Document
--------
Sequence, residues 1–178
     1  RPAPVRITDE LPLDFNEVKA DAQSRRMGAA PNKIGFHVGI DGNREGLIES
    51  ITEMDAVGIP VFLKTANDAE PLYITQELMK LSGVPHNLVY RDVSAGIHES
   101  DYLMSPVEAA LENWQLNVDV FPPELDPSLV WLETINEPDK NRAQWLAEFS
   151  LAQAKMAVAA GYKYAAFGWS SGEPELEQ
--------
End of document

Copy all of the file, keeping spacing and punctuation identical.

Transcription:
Sequence, residues 1–178
     1  RPAPVRITDE LPLDFNEVKA DAQSRRMGAA PNKIGFHVGI DGNREGLIES
    51  ITEMDAVGIP VFLKTANDAE PLYITQELMK LSGVPHNLVY RDVSAGIHES
   101  DYLMSPVEAA LENWQLNVDV FPPELDPSLV WLETINEPDK NRAQWLAEFS
   151  LAQAKMAVAA GYKYAAFGWS SGEPELEQ